|Publication number||US6493133 B1|
|Application number||US 09/608,755|
|Publication date||Dec 10, 2002|
|Filing date||Jun 30, 2000|
|Priority date||Jun 30, 2000|
|Also published as||WO2002003579A2, WO2002003579A3|
|Publication number||09608755, 608755, US 6493133 B1, US 6493133B1, US-B1-6493133, US6493133 B1, US6493133B1|
|Inventors||Anhui Liang, Chien-Jen Chen, Bo Pedersen|
|Original Assignee||Tyco Telecommunications (Us) Inc.|
|Export Citation||BiBTeX, EndNote, RefMan|
|Patent Citations (5), Referenced by (17), Classifications (8), Legal Events (7)|
|External Links: USPTO, USPTO Assignment, Espacenet|
The present invention relates generally to long-haul, fiber optic transmission systems. More particularly, the present invention relates to increasing the capacity of undersea cable systems.
An undersea network of fiber-optic telecommunication cables links continents, nations and lands together. Communication traffic on these submarine cables has increased dramatically in recent years and is expected to continue to grow as a result of many factors, including, for example, the globalization of world economies and businesses, the increased demand for international communications capabilities, and the development of multimedia applications and revolutionary resources such as the Internet. These factors necessitate increasing capacity not only by adding cables, but also by optimizing the operation of existing submarine cables. The term “capacity” as used herein refers to the total bit rate of the cable system which represents the sum of the bit rates of each channel on all the fibers within a cable.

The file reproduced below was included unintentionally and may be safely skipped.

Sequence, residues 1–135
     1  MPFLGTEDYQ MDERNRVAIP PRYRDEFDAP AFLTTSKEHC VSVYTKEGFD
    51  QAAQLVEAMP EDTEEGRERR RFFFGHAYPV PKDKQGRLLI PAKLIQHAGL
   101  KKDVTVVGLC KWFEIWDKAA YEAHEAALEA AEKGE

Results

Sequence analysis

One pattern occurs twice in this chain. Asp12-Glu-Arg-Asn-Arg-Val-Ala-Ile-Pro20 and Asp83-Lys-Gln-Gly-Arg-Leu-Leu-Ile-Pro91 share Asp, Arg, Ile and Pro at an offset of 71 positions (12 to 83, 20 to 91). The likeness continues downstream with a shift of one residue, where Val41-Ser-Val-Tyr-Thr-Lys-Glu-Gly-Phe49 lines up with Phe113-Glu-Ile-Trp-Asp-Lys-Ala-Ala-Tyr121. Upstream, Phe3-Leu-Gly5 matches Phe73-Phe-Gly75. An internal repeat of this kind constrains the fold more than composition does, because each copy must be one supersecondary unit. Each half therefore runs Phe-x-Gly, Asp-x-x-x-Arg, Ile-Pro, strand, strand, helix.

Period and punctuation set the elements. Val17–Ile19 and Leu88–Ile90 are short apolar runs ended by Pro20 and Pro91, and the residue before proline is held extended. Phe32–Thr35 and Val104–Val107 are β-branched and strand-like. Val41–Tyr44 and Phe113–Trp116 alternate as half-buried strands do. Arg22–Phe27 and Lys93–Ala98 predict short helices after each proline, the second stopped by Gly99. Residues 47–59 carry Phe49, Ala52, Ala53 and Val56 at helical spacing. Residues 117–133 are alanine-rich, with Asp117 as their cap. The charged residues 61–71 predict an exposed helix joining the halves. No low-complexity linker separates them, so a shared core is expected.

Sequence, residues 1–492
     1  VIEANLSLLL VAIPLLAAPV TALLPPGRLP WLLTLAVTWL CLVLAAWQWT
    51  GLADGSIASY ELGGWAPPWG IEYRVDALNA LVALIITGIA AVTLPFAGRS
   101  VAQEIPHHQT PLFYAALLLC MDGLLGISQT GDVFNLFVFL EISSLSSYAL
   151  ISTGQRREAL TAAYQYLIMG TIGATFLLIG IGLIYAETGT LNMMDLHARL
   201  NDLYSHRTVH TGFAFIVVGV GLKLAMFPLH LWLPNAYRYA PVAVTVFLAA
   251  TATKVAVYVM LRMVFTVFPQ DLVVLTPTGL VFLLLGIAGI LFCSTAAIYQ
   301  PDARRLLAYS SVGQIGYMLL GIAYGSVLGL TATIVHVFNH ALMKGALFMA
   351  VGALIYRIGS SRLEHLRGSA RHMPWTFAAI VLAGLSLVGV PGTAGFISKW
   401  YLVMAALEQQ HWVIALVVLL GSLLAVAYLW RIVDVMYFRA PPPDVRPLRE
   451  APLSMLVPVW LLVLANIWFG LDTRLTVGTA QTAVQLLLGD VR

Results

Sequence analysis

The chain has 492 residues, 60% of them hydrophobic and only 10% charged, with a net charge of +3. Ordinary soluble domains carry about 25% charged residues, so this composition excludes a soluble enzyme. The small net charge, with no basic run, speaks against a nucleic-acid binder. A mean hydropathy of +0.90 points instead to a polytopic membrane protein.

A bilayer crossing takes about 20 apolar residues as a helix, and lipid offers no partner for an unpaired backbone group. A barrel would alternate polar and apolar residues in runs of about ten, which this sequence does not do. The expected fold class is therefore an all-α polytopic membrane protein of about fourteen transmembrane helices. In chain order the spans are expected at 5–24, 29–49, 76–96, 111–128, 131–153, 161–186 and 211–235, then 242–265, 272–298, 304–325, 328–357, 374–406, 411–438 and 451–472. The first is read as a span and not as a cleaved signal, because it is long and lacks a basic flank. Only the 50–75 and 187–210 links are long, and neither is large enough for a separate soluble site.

Approaches for increasing capacity on existing cables have traditionally been aimed at optimizing bandwidth utilization. Long-haul optical fiber transmission paths, such as those employed by undersea cables, typically extend over 5000 km and operate in the C-band. The C-band spans from about 1525 to about 1565 nm and is optimal for low-absorption losses. Within the C-band, capacity may be increased by increasing the number of channels and the bit rate of the channels. Most long-haul cable systems increase the number of channels through wavelength division multiplexing (WDM). The ultimate capacity of a WDM cable system depends on how closely channels can be packed. Minimum channel spacing is limited, however, by interchannel crosstalk and the degradation of the signal to noise ratio (SNR). It has been found that, to maintain sufficient signal integrity, channel spacing in GHz should exceed, e.g., four times the bit rate in Gb/s. Therefore, for a given bandwidth, the number of channels and bit rate are interrelated and limit the capacity of a cable.